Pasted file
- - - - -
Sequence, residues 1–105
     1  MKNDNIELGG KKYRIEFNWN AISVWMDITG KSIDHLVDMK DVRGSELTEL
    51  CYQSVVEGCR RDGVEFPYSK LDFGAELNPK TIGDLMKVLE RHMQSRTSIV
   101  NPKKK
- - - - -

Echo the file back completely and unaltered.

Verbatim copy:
Sequence, residues 1–105
     1  MKNDNIELGG KKYRIEFNWN AISVWMDITG KSIDHLVDMK DVRGSELTEL
    51  CYQSVVEGCR RDGVEFPYSK LDFGAELNPK TIGDLMKVLE RHMQSRTSIV
   101  NPKKK